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Delivering animal vaccines and antibodies to protect humans from diseases like COVID-19

How can scientists respond to infectious diseases that are transmitted from animals to humans? A European initiative has the answers.

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Zoonoses – diseases that can spread between animals and humans, like avian influenza, rabies and severe acute respiratory syndrome – comprise a large percentage of all newly identified infectious diseases. As they represent a persistent global threat to public health, scientists are striving to develop strategies that effectively tackle widespread outbreaks, such as the novel coronavirus disease (COVID-19). The EU-funded ZAPI project was at the forefront of this endeavour. Launched in March 2015, it has focused on establishing a swift response to major new infectious disease threats in Europe and across the world. It did so by designing new manufacturing processes for delivering effective and rapid control tools (vaccines, antibodies) against (re-)emerging zoonotic diseases with pandemic potential. Bringing together human and veterinary research institutions, NGOs, regulatory agencies, expert academic groups, and vaccine and biotech manufacturers, ZAPI used the ‘One Health’ approach. According to the World Health Organization (WHO), the One Health approach involves designing and implementing programmes, policies, legislation and research in which several sectors work together to achieve better public health outcomes. A WHO Q&A document states: “Many of the same microbes infect animals and humans, as they share the eco-systems they live in. Efforts by just one sector cannot prevent or eliminate the problem. For instance, rabies in humans is effectively prevented only by targeting the animal source of the virus (for example, by vaccinating dogs).”

Using recent zoonotic models

ZAPI, which has worked on tackling outbreaks like those caused by coronavirus, used three different prototype models of diseases appearing in recent years that are zoonotic in nature. These are Middle East respiratory syndrome coronavirus (MERS-CoV), Schmallenberg virus (SBV) and Rift Valley fever virus (RVFV). MERS-CoV, causing severe lower respiratory tract disease in humans, was first identified in Saudi Arabia in 2012. Dromedary camels are a major animal source of infection in humans. RVFV, which is transmitted by mosquitoes, primarily affects animals but also has the capacity to infect humans. SBV is a novel Orthobunyavirus that has been associated with disease in ruminants (cattle, sheep and goats) and was initially reported in 2011 in Europe. It’s unlikely that SBV may pose a risk to humans, according to the European Centre for Disease Prevention and Control. MERS-CoV and SARS-CoV-2, the virus responsible for the COVID-19 pandemic, are genetically related, as noted in a news item. In the same news item, Jean-Christophe Audonnet from project coordinator Merial Animal Health Ltd, part of the Boehringer Group of Companies since 2017, says: “A platform is a generic methodology or technology that can be used for multiple targets; in the case of vaccines, the only thing that will change will be the immunogen. It’s an assembly of different components, so the way we manufacture the vaccine will always be the same.” He adds that although it’s unlikely to produce technology that can address every single new virus, “the ZAPI system design is flexible enough to address about 90% of all the targets that we can face.” The outcomes of ZAPI (Zoonotic Anticipation and Preparedness Initiative) can be directly applied to SARS-CoV-2, according to Dr Audonnet. “It’s a real life experiment now for us. A factor that we need to explore better through dialogue is how we can reduce the timelines for the key decisions - political and regulatory ones,” he says. For more information, please see: ZAPI project website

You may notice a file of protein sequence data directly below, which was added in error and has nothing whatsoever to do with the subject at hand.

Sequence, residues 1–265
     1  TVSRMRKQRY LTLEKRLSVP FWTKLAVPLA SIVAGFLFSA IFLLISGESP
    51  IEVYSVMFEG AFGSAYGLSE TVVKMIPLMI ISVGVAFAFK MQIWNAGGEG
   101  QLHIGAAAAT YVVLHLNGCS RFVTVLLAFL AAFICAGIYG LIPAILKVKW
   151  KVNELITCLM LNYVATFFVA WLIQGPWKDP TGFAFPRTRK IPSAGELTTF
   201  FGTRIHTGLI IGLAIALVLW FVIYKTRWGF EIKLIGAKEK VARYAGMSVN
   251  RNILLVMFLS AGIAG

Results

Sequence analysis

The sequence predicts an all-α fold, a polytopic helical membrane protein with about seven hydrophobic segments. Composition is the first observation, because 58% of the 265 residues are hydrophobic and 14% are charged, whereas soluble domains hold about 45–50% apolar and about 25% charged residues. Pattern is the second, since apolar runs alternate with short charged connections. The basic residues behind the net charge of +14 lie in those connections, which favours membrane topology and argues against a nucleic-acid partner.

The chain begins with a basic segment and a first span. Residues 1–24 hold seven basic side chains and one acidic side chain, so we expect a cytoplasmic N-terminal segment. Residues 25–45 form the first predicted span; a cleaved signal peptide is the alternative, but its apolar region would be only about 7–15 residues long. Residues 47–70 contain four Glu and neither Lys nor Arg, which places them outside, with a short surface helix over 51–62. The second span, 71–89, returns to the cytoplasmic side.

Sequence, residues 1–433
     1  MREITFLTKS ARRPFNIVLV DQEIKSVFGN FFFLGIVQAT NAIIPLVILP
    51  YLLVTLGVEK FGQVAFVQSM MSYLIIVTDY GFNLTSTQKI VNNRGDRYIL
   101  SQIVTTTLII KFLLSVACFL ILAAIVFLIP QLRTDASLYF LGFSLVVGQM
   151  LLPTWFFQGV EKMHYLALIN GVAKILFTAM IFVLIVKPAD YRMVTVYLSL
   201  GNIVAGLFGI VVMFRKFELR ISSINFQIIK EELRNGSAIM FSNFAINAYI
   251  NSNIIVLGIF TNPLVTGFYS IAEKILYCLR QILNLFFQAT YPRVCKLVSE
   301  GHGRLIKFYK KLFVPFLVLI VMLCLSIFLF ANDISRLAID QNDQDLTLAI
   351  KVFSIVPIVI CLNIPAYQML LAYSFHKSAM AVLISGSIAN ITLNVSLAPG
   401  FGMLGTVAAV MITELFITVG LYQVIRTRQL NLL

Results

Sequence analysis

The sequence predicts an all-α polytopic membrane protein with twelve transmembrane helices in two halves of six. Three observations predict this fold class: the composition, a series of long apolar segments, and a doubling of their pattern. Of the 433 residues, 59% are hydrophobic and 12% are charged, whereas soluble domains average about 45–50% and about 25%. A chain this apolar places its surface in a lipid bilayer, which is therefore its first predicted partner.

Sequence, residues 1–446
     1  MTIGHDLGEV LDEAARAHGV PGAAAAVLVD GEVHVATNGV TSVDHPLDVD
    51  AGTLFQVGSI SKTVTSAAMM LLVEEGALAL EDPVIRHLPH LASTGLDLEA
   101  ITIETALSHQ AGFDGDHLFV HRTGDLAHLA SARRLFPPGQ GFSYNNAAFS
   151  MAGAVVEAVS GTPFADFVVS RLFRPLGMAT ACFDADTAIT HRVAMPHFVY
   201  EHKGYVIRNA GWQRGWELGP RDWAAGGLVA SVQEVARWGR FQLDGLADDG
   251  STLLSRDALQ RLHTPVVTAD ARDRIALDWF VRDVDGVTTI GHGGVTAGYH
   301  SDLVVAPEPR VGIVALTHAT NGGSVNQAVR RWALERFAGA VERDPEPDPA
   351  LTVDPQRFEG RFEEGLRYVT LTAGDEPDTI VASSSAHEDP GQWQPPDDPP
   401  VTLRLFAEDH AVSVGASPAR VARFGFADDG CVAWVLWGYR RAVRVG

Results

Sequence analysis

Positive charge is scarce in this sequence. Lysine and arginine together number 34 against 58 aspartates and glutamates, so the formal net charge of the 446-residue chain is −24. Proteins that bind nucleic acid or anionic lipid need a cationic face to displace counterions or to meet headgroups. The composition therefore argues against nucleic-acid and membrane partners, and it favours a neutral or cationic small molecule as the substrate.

ZAPI, COVID-19, coronavirus, MERS-CoV, SARS-CoV-2, health

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